It’s easy to miss the nightclub entrance on West Huron, with its dark red door recessed like a speakeasy’s. Years ago it was the Oyster Bar & Spaghetti Machine, then it became a jazz spot called Goodnight Gracie, but now it’s The Last Word. On the inside, its most welcoming feature is the complete absence of television screens. Instead there is a bookshelf, and one wall is pleasantly cluttered with vintage artwork in antique frames. Another friendly aspect is the house band, the Pherotones, who provide the soundtrack for drinking, dining, and conversation on Thursday nights.
Standing at the front of the tiny stage, bearded trumpeter Ross Huff sounds a little like Cootie Williams between sips of Fernet-Branca. When upright bassist Brennan Andes scrubs the strings with his bow, the instrument shudders and snarls. Giancarlo “G.C.” Aversa, the band’s Italian/Honduran/American pianist and manager, reminds me of Hilton Ruiz but names Sergei Rachmaninoff as an early influence. Perched in the corner behind the drums is Wesley Fritzemeier, a highly regarded multi-instrumentalist from Chelsea.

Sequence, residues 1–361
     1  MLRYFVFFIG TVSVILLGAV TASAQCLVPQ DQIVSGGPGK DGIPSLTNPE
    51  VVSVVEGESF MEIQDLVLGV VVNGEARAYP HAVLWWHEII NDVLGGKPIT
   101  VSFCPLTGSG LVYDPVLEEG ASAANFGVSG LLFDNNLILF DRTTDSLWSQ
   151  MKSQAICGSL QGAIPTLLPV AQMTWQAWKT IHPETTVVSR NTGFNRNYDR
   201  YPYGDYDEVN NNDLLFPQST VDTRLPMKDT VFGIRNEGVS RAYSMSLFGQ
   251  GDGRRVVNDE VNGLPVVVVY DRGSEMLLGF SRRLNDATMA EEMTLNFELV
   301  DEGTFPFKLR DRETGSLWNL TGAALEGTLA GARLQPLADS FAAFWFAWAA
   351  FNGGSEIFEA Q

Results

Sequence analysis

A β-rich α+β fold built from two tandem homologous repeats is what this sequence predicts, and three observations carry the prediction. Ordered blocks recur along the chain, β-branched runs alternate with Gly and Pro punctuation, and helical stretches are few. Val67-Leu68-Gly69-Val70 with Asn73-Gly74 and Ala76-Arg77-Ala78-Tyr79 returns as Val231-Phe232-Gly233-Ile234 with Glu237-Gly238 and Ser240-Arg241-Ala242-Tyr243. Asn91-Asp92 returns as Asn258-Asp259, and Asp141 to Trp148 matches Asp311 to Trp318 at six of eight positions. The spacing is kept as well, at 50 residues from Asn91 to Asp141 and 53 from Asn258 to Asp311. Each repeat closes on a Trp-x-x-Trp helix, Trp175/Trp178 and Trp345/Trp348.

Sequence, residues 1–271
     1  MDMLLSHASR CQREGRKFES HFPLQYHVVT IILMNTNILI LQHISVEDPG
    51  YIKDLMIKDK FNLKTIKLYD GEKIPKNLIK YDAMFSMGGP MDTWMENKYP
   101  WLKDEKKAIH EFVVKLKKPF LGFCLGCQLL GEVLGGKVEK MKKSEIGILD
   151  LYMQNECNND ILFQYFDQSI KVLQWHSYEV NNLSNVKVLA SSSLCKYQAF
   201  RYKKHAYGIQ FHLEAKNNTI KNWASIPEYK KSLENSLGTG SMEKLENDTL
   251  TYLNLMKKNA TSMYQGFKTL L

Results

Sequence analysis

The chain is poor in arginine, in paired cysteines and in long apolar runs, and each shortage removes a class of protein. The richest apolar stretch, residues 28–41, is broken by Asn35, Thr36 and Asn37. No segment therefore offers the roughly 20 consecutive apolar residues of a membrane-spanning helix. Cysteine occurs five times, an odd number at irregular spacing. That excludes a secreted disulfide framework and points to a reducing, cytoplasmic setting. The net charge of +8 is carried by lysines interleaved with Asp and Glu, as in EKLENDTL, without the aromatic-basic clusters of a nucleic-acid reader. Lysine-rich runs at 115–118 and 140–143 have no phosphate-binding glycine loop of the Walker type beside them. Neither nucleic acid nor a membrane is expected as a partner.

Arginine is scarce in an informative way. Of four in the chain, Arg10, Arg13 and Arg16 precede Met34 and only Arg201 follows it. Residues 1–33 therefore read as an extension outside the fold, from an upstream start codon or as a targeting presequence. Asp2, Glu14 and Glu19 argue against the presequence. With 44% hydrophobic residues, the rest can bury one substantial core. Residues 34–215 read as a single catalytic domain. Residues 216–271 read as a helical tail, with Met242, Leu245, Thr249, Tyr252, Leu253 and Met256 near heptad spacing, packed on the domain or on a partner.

Their jazz and pop free-form repertoire covers a time period from the 1920s to the present, which means they might interpolate riffs from Super Mario Brothers, Led Zeppelin, Cyndi Lauper, or Georges Bizet into Herb Alpert’s “Mexican Shuffle,” Hugh Masekela’s “Grazing in the Grass,” or Duke Ellington’s “Caravan.” Following their eccentric logic is an entertaining exercise in “name that tune.”
The band loves to sing old-fashioned melodies in unison. More often than not, at least half the people in the place join in. A rousing full-throated chorus of “Take Me Out to the Ball Game” is followed with the gutsy Motown anthem “Money (That’s What I Want).” During “Dream a Little Dream of Me,” I half expect Mama Cass Elliot to emerge from the kitchen.
The Pherotonic treatment of “I Only Have Eyes for You” employs the familiar doo-wop arrangement by the Flamingos, with Huff’s plunger mute flugelhorn invoking Lester Bowie’s Brass Fantasy. Lulled by their languid reading of Sigmund Romberg’s “Softly, As in a Morning Sunrise,” I nearly fall out of my chair when they launch into early modern jazz bassist Oscar Pettiford’s catchy “Blues in the Closet.”
Andes’s rambunctious creativity infects everyone in the room with a positive vibe that relaxes the mind and stimulates congeniality. During a break I ask him who he studied with. His eyes sparkle as the names of local heroes tumble out: Vincent York, Gary Quackenbush, Martin Simmons, John Sinclair, and George Bedard. Watching the band spontaneously decide how to open the next set, I tuck into the chipotle potatoes and blistered shishito peppers with truffle salt, ready for anything the Pherotones care to dish out.